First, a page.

As you may have read here before I did buy a winter bike, which I recently replaced with one that is a better fit, hubby having taken over the first, and I have been out as much as my ‘fair-weather cyclist’ attitude will allow but fitness has inevitably fallen off. However I am now managing to get out a bit more often again and fitness is picking up at last. The winter bike has more gear options than Captain Beaky so I will soon have to start some more serious training using the classic bike if I am to be ready for the event.

As part of our preparation we are planning to do a local charity fund-raising ride at the end of April. This  will be a 45 mile route so quite a bit longer and if I manage that hopefully I should manage the 47 km Pedals de Clip (which will no doubt have more and steeper hills). We had thought to do the 20 mile option for the charity ride but that is off-road and for MTBs and we want the road riding practice. Hubby fancies doing it on the tandem though, but I’m not 100% sure about that as part of the route is along the canal tow-path and this, I think, will be slightly challenging on the tandem – there is a risk we may end up in the canal! On the plus side the route will take us almost past our house and we have the option to make the slight detour for a quick cuppa before re-joining for the rest of the ride.

To find out more about La Pedals de Clip check out the website at www.lapedalsdeclip.cat

Knocked Aside

I refill the bird feeders
casually knocked aside
as careless Storm Doris
bulldozed her way through.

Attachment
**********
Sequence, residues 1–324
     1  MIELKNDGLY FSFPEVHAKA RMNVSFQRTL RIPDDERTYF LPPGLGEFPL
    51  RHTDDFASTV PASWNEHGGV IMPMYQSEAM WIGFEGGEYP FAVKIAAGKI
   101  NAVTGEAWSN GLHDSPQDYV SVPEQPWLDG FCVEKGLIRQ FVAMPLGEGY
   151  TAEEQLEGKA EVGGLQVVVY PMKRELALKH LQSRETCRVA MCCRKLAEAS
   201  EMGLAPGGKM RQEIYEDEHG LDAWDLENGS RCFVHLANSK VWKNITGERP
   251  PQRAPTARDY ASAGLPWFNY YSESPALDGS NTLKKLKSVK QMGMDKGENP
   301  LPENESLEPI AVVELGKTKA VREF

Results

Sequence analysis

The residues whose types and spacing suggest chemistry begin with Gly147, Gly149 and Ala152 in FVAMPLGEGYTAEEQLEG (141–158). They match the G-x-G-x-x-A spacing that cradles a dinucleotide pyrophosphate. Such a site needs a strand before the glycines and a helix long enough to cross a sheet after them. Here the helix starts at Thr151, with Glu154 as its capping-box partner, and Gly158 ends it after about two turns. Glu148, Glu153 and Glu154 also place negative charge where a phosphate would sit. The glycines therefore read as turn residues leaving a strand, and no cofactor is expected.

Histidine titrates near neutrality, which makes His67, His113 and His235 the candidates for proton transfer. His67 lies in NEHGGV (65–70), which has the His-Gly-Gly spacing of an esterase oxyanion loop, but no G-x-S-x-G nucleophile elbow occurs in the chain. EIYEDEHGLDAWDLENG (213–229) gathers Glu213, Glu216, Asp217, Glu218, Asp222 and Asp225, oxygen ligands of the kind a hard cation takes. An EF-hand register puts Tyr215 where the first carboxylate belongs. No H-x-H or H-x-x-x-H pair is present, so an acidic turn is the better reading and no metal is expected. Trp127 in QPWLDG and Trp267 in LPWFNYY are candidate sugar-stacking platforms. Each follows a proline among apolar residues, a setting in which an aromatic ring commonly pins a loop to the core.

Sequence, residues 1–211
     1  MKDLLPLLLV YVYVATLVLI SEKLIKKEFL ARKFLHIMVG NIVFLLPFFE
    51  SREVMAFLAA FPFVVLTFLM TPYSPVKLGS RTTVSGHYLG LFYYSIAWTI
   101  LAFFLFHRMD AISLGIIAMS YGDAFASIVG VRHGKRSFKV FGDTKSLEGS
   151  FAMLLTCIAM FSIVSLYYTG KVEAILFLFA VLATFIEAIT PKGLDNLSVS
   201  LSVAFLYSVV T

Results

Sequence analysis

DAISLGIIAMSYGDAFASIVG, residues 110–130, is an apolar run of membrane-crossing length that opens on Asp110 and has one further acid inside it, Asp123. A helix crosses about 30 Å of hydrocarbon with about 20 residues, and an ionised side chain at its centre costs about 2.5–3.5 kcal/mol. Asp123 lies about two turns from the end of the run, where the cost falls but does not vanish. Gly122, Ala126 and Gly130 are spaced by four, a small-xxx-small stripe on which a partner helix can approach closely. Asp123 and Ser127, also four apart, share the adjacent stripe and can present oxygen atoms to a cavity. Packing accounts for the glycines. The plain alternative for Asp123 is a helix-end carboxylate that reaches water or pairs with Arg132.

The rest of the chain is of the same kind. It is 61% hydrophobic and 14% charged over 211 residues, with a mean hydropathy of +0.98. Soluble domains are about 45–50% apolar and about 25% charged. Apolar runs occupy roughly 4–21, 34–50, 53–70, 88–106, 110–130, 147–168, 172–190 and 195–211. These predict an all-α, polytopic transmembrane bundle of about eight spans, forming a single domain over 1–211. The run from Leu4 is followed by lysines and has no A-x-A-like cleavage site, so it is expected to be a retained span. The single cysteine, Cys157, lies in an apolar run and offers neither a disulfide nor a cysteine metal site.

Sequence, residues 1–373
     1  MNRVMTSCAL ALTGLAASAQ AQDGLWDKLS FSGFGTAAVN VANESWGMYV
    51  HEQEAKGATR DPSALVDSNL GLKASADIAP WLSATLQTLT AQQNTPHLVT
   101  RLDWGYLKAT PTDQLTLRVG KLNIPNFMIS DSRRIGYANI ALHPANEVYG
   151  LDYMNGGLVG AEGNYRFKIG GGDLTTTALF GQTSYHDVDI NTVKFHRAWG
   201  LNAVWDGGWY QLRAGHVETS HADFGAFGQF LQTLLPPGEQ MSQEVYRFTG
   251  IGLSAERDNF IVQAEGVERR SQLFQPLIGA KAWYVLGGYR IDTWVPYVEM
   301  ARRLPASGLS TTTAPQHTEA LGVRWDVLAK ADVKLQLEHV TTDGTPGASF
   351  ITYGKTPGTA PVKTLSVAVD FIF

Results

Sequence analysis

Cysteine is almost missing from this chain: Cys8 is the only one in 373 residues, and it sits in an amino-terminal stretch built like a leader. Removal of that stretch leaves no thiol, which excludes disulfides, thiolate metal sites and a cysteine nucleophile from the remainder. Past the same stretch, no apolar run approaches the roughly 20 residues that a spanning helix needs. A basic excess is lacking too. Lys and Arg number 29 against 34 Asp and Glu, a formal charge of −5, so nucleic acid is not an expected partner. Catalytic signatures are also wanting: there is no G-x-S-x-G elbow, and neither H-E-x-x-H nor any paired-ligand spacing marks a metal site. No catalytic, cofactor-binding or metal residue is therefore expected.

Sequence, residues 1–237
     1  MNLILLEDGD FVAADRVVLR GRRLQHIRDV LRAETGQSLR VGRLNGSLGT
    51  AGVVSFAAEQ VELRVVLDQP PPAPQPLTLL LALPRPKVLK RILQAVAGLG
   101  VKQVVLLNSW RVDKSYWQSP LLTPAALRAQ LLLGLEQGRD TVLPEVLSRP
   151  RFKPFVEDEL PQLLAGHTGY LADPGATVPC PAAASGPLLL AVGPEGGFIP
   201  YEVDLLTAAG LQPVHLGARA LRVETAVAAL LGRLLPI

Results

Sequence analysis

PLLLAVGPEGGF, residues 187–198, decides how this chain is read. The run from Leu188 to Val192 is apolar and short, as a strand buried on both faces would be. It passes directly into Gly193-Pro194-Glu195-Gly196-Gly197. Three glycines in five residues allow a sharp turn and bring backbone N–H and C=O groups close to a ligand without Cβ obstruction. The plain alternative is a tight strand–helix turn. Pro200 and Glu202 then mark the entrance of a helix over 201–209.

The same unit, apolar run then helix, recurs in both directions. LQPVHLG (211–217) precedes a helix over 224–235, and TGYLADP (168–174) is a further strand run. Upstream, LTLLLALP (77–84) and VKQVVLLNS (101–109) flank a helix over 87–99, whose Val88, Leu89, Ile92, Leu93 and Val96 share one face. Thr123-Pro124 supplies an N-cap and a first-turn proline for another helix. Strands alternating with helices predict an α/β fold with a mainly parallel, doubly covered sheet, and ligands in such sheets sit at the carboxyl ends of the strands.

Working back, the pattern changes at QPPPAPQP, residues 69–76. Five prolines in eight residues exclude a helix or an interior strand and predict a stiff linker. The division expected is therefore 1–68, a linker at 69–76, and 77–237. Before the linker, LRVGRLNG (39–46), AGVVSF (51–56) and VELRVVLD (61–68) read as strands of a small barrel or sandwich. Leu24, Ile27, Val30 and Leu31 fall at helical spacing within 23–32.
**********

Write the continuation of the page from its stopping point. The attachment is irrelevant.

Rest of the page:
Downhill

Downhill
at speed
on my bicycle,
the wind behind me.
Elation.

Cockney Alphabet

Last month I wrote a post about Cockney Rhyming Slang (you can read it here ). You wouldn’t Adam and Eve (believe) how many more expressions I remembered once I had published it, but I’m not going to add any more to that now.

Also at risk of being forgotten these days is the Cockney Alphabet. Now, as I said before, I am not a Cockney. I was introduced to the slang and to the alphabet by my Dad, but he was not a Cockney either. I’m guessing that he picked these up from his fellow merchant seamen during WWII, some of whom probably were Cockneys.

I can’t remember all the alphabet, maybe my Dad didn’t know it all, but again it can be found with a google search and as with the slang there are many alternatives for the same thing. I have listed here those I do remember but had to look up suggestions for some of memory gaps and some that I do remember are not quite the same as those I have found on the internet but here goes:

A for ‘orses (speaks for itself!)
B for mutton (beef or mutton)
C for fishes (again obvious)

Then I had to look up: D for Kate (defecate)
and E for brick (heave a brick) or Eve for Adam

F for vescence (effervescence)

Again I looked up: G for Police (chief of police apparently!)
and H for bless you (Aitsshfa! A sneeze) of H for retirement (age for retirement)

I for lutin’ (highfalutin) or I for an eye
J for organge (Jaffa orange or even Jaffa Cakes)
K for restaurant (cafe  or restaurant)
L for leather
M for size (emphasise)
N for lope (envelope)
O for ture (overture or ‘O for the wings of a dove,’ ‘Over the rainbow’ etc.)
P for a penny (you know – spend a penny!)
Q for busses (queue – obvious again!)
R for mo (‘arf a mo’ – half a moment, ie wait a moment)

Had to look up: S for you (as for you)

T for two (tea for two)
U for mism (euphemism)
V for La France (vive La France or even viva Espana)
W for quits (‘Double you for quits’ or ‘double your money’  amongst others!)
X for size (exercise) or X for breakfast (eggs for breakfast)